The History of Camo in Fashion

Trying to pinpoint the exact moment that camouflage and military style in general became part of everyday fashion is a difficult task. The more you unpack, the digger you deep, the further you go, the more complicated it becomes.

The appeal of military gear is underpinned by its raw utility. Rough, rugged and built to last, iconic military jackets like the M-65 or fishtail parka have always been garments you can turn to when you need something that’s going to stand the test of time. But in many ways, the true utility of camo (staying hidden) runs completely counter to fashion’s usual number one motive – being seen.

So what is it about camo that has made it so tirelessly popular in the fashion world? Ultimately, it’s a combination of a number of factors; cultural symbolism, history and straightforward aesthetics, for example. But in my opinion, before understanding how camo became cool in an aesthetic sense, it’s important to get a bit of historical and cultural context.

For my money, one of the moments that solidified camo’s cultural significance, at least in a western context, is the Vietnam War. Running for almost 20 years from November 1955 to April 1975, the Vietnam War dominated American politics, media and mainstream culture throughout its lifetime, inspiring countless protest and anti-war initiatives and becoming one of the pivotal battlefronts of the counterculture movement.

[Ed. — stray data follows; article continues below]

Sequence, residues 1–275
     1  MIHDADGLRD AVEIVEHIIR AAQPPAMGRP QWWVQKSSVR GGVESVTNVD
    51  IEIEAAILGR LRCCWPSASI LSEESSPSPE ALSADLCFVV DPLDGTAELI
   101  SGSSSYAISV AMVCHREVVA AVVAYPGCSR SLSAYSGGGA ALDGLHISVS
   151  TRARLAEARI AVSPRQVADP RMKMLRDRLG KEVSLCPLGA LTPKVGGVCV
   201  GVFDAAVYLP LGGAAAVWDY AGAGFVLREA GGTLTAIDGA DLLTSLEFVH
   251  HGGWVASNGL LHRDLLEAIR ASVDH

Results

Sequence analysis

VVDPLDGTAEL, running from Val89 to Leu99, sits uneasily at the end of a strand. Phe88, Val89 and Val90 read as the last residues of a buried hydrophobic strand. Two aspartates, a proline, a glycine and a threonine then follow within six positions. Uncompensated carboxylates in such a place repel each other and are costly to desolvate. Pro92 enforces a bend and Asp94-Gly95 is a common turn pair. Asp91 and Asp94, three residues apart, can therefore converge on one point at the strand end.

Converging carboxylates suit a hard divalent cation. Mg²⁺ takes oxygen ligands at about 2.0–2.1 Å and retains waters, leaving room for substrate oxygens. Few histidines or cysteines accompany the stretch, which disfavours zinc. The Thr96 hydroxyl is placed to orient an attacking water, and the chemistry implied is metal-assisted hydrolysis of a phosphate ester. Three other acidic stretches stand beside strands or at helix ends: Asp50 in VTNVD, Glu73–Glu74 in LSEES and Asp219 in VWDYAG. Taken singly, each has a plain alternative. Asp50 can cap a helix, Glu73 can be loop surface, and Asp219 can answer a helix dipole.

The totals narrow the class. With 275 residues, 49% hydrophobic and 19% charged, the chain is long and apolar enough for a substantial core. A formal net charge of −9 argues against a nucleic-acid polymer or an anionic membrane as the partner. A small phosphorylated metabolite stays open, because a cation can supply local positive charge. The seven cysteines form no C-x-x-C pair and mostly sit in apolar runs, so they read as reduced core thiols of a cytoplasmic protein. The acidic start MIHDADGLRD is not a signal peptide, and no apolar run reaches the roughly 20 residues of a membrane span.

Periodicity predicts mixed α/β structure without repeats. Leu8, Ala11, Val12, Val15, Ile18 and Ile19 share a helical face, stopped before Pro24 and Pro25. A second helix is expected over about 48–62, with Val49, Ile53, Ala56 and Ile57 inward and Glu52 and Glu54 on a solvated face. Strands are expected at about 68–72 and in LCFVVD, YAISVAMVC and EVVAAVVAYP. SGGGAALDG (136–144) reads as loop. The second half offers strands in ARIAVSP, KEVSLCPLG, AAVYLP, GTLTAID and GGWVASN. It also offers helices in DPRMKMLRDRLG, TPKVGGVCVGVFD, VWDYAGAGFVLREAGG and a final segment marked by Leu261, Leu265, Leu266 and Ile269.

Tigerstripe uniform (foreground) and ERDL pattern (background), in use by US forces in Vietnam c.1969

While soldiers over in Vietnam were fighting a military war, America was fighting its own cultural civil war between traditional, conservative values and the progressive idealism of the free love and civil rights movements. And unlike the Korean War which preceded it, or the two Gulf Wars that followed, the Vietnam War’s bleak cocktail of rainforests, napalm, cigarettes, opium, tour jackets and tiger camo not only solidified militarism as a core element of the American identity – it created, to outside observers, an image of war that was strangely slick, sexy and cool.

Vietnam War Tour Jacket

As a result, military culture became woven into the very fabric of American society in a culture in a way that it had never been before. Its effect permeated every corner of culture; bands like Creedence Clearwater Revival sung about it in their music; books like Tim O’Brien’s The Things They Carried and Robert Mason’s Chickenhawk brought harrowing tales of war back to American soil; and films like Full Metal Jacket, Apocalypse Now, released in the years immediately following the war, unpacked the horrors and trauma of the conflict on the big screen to packed movie theaters across the world. It’s worth noting that Travis Bickle, the M65-clad antihero of Martin Scorcese’s iconic film Taxi Driver, was himself a disillusioned veteran of the Vietnam War struggling to re-adjust to American life.

Travis Bickle, the M65-clad antihero of Martin Scorcese’s iconic film Taxi Driver

 

Scene from Apocalypse Now 1979. Peep the tiger camo bottom right.

Full Metal Jacket movie artwork 1987

All of which is to say that, by the 1980s, military style and aesthetic was very much woven into everyday American life. So by the time we arrived at the rise of rap and hip-hop at the turn of the ‘90s, army style was everywhere. Young black rappers growing up in cities like New York and Chicago looking to dress sharp on a budget (and find clothing up to the task of standing on street corners for hours at a time in the middle of January) would have been well-acquainted with shopping at army surplus stores, and the military aesthetic lent itself to black American gang culture, where members are commonly given military ranks such as footsoldier, lieutenant and so on.